Hey, guess what! The Arkansas Project’s back! Yeah, kind of took me by surprise too. Though in fairness it’s not the same soft core porn site it was way back in the day. It’s actually got real articles, though I’d take some issue with the factual accuracy of them. But hey, at least the women in the pictures all seem to be dressed this time. Maybe now they can pass this outfit off as a serious political blog.
Anyway, ribbing aside. The Arkansas Project is now hammering away at “voter fraud” in Arkansas, using Hudson Hallum’s election theft as an example. At one point, they even single out our Letters to the Pizzaman bit where I asked Mark Darr to actually show me an example of voter fraud. The point of my exchanges with Darr and my pressing of other conservatives to show an example of actual voter fraud-someone who’s not registered to vote casting a vote when they shouldn’t-all comes down to the justification for imposing stricter voter id requirements. Darr of course cited the investigation of Hallum to me, to which I replied that it was A) still under investigation and B) not an example of voter fraud even if it turned out to be true. And it’s not. Hallum rigged the voting process by buying votes and destroying absentee ballots. That’s not voter fraud, and the voter id law Republicans want won’t do a thing to stop that kind of behavior. The folks at Arkansas Project know this because they wrote:
According to reports from the Associated Press, Hallum, his father, and two campaign workers pled guilty Wednesday to conspiracy to commit election fraud after federal prosecutors said the lawmaker’s campaign bribed absentee voters and destroyed ballots in a special election last year.
Then, further down that same post, we get this:
Obviously, voter ID laws will not solve absentee voter fraud (of which Hallum is guilty) just as they will not cure cancer or prevent obesity. They will not stop all vote fraud everywhere for all time, and they will not solve all problems in elections. But do opponents of voter ID laws feel comfortable basing their position on the fact that voter ID would only eliminate some fraud?
Nice to see them admit that they still have to grasp for a justification, but at least here they acknowledge that voter ID wouldn’t have stopped this. There is that little slight of hand though where they go from calling Hallum’s crime “election fraud”, which it is, to “absentee voter fraud”, then otherwise consistently referring to it at “voter fraud”. See the game here? I’ll also give them some credit. Someone finally found one, just one!, example of voter fraud out of the entire country. Kudos for that. Now let’s see…how many examples did I have of legitimate voters disenfranchised by voter ID laws across the country again…Hmmm, there was this list…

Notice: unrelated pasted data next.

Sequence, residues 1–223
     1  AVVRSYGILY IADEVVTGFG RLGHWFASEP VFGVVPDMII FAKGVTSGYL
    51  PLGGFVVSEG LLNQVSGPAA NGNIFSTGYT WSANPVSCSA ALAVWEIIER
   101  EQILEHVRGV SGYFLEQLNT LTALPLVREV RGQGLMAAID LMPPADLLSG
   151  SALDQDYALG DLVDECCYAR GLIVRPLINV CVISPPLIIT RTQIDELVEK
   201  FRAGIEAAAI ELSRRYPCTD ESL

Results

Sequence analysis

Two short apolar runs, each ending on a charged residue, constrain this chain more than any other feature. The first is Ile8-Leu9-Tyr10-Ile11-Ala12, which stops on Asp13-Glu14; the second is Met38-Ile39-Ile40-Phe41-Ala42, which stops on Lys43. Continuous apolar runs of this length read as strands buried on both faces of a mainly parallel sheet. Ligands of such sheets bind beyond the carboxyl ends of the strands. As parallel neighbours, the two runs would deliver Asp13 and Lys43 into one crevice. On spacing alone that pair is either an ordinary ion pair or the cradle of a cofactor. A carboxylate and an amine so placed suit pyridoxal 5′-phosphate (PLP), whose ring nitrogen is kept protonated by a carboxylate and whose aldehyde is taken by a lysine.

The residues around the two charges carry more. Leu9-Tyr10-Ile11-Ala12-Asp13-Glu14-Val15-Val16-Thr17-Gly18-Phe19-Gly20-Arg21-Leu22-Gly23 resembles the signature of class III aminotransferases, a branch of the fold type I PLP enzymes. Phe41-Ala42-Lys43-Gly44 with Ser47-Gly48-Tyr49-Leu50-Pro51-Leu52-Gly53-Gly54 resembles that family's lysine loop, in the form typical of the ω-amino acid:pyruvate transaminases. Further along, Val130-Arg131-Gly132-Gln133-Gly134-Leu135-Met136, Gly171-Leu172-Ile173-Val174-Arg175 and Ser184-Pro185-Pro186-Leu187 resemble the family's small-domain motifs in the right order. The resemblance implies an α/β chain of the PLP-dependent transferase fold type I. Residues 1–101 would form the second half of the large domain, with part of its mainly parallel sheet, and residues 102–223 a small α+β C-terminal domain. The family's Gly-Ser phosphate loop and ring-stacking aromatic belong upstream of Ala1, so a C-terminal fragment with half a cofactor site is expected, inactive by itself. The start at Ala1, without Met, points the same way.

- Ricky Tyrone Lewis is a 58 year-old Marine Corps veteran. Despite the fact that he was able to offer Wisconsin voting officials proof of his honorable discharge from the Marines, Milwaukee County has been unable to find the record of his birth that he needs in order to obtain a voter ID card.
- Ruthelle Frank is an 84 year-old former elected official who voted in every election for the last 63 years, yet she will be unable to obtain a voter ID unless she pays a fee to obtain a birth certificate from the Wisconsin government — despite the fact that the Constitution explicitly forbids any voter from being charged a fee in order to vote. Worse, because the attending physician at her birth misspelled her name on her original birth certificate, she may need to pay hundreds of dollars in court fees to petition the state judiciary to correct her certificate before she can obtain a voter ID.